Breaking down this week’s net neutrality court decision
This week, the U.S. Court of Appeals for the D.C. Circuit issued its ruling in Mozilla v. Federal Communications Commission (FCC), the court case to defend net neutrality protections for American consumers. The opinion opened a path for states to put net neutrality protections in place, even as the fight over FCC federal regulation is set to continue. While the decision is disappointing as it failed to restore net neutrality protections at the federal level, the fight for these essential consumer rights will continue in the states, in Congress, and in the courts.
The three-judge panel disagreed with the FCC’s argument that the FCC is able to preempt state net neutrality legislation across the board. States have already shown that they are ready to step in and enact net neutrality rules to protect consumers, with laws in California and Vermont among others. The Court is also requiring the FCC to consider the effect the repeal may have on public safety and subsidies for low-income consumer broadband internet access.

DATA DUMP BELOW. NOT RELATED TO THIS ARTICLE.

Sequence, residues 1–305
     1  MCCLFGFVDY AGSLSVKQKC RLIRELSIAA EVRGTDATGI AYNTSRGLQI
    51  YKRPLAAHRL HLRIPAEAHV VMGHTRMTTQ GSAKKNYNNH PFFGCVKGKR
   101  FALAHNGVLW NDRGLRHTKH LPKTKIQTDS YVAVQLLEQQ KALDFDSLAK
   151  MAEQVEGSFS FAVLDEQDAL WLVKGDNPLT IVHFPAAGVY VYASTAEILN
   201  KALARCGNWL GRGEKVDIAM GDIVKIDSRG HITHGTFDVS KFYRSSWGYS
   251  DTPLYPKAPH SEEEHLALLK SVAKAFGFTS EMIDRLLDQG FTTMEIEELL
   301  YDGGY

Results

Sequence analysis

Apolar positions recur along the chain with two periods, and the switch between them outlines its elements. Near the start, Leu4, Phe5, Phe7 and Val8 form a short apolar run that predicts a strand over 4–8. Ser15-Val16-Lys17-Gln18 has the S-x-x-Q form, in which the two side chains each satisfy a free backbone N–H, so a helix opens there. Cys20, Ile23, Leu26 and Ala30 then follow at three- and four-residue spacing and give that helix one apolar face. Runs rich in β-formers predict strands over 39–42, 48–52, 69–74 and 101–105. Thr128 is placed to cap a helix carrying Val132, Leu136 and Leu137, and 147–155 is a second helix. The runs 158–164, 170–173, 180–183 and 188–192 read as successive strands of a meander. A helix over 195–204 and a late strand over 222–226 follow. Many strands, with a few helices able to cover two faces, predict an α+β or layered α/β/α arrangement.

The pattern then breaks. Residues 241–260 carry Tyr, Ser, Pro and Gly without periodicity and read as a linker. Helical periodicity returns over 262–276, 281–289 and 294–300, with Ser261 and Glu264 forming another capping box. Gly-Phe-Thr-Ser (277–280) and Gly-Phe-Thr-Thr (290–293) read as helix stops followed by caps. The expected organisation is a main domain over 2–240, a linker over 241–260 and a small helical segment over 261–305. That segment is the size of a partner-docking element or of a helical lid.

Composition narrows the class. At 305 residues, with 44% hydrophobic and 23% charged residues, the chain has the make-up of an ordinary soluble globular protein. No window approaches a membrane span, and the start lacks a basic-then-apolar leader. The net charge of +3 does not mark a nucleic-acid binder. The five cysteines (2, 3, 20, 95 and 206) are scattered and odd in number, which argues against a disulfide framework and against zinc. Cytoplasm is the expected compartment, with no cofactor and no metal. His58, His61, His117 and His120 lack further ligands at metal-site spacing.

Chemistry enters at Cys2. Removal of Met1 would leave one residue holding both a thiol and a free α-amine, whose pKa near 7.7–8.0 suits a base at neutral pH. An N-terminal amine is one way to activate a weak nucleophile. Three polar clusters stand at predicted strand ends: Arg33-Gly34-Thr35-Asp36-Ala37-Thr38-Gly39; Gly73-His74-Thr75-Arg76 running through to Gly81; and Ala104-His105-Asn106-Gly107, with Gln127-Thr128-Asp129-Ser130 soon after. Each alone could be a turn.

The Court did find that the FCC had discretion to treat broadband access like an information service and remove the previous rules. But as Judge Millett said (and Judge Wilkins concurred), that was with significant reservations: “I am deeply concerned that the result [of upholding much of the 2018 Order] is unhinged from the realities of modern broadband service.” Nevertheless, the judges stated that they felt their hands were tied by the existing legal precedent and invited the Supreme Court or Congress to step in.
The decision also underscores the frailty of the FCC’s approach. Questioning the FCC’s reclassification of broadband internet access from a “telecommunications service” to an “information service,” Judge Millett reprised an argument made by Mozilla and other petitioners: “[F]ollowing the Commission’s view to its logical conclusion, everything (including telephones) would be an information service. The only thing left within ‘telecommunications service’ would be the proverbial road to nowhere.”
We are exploring next steps to move the case forward for consumers, and we are grateful to be a part of a broad community pressing for net neutrality protections. We look forward to continuing this fight.